With the Dodd-Frank Act and the Federal Reserve Interim Final Rule, the appraisal/evaluation industry has finally stepped all the way into the professional arena. This is a culmination of what was started in the early 90's with the requirement that mortgage appraisals be completed by licensed appraisers (for federally regulated institutions). Through the intervening years, appraiser licensing requirements have become much more rigorous, with an addition of the Licensed Certified Appraiser to state-licensing. I know my first statement will probably create a firestorm of comments by many appraisers. Many don't like discontinuing their relationships with lenders. Many also don't like that for the first time they have an actual audit/review of their work to ensure USPAP and Appraisal Standard compliance. If pressed, they would all say that having a firewall between the appraiser and the lender does eliminate the pressure that was exerted on them for years. That is what the new federal requirements are accomplishing - placing a wall between the lender and the appraiser. These new regulations are also improving the quality of the appraisal report itself - something not done before.
Should the companies that are the firewall between the lender and the appraiser be regulated? Absolutely! After all, SAMCO's client, the community bank, is heavily regulated. So much so that on December 10, 2010, the 2010 Interagency Appraisal and Evaluation Guidelines made the community bank/credit union responsible for the "quality" of the appraisal itself, even making it a safety and soundness examination issue.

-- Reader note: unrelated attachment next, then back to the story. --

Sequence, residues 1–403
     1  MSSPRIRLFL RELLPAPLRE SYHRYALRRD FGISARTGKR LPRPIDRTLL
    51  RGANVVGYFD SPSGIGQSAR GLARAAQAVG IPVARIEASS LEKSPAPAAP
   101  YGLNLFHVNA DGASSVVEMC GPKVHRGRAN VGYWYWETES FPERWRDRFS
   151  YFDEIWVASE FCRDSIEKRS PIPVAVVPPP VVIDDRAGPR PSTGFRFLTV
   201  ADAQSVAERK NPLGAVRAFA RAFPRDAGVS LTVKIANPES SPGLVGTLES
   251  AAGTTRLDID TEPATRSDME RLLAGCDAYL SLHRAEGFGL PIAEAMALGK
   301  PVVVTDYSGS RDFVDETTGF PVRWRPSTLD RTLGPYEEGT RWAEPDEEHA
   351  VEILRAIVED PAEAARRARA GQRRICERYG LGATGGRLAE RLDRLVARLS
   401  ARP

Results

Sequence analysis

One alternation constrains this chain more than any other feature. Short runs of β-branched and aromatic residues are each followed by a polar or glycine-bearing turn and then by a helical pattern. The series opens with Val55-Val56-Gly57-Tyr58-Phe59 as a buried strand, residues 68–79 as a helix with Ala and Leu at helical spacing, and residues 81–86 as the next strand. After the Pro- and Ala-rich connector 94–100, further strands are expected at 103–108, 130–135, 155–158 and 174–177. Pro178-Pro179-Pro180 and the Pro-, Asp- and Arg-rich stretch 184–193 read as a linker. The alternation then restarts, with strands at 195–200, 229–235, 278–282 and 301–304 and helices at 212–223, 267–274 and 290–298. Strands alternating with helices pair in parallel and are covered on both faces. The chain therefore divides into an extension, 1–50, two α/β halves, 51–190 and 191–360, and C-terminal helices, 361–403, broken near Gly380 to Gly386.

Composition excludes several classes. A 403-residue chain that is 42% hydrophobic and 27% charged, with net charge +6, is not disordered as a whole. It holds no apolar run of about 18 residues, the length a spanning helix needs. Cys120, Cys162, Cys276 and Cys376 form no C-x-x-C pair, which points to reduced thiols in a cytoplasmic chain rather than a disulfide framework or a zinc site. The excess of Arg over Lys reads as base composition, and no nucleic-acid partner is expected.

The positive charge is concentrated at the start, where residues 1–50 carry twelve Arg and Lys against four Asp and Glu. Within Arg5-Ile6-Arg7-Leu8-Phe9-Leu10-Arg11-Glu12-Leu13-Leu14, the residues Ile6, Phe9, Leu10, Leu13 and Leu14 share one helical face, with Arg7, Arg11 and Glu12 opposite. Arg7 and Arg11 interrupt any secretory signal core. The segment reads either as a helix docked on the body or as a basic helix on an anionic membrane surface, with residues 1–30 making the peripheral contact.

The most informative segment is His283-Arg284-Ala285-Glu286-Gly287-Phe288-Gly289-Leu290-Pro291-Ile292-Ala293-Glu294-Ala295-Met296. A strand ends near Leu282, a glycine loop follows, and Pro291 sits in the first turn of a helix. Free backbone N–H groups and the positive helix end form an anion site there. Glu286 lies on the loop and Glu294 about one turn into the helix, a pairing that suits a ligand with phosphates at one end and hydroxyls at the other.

The appraisers that the appraisal management companies enter into agreements with to provide quality appraisals are also regulated. This regulation is accomplished by each individual state. Licensed appraisers have continuing education requirements in addition to USPAP education requirements. So yes, AMCs should also have regulation and oversight. After all, as appraisers and lenders can attest to, it only takes a few bad apples to ruin the whole barrel!
With these new banking regulations come requirements for State Appraiser Licensing and Certification Boards to also license and monitor appraisal management companies. There are now more than 26 states with laws that require the registration and regulation of appraisal management companies. In the next year, the balance of the states have an uphill climb to be able to comply with federal law - registering and regulating the AMCs that work in their state. Just as when the appraisal industry became licensed 20 years ago, there will be some difficulties along the way. However, AMCs do provide the independence from undue influence appraisers not only need, but deserve. In a perfect world, appraisers and their lender clients would not need a firewall between them. As the recent financial crisis proves, though; this isn't a perfect world. The newly created Federal Consumer Financial Protection Bureau will be overseeing the appraisal management companies, lenders, and even appraisers, but in addition, there will also be 50 state-licensing boards to monitor appraisal management companies.
On the following page is listed the Appraiser Licensing and Certification Boards for all states. These appraisal boards provide great information, and most have newsletters. Listed are individual contacts, websites, addresses, and phone numbers. If you, the community banker/credit union need information about your state's current position on licensing AMCs, just call! These boards are always willing to help.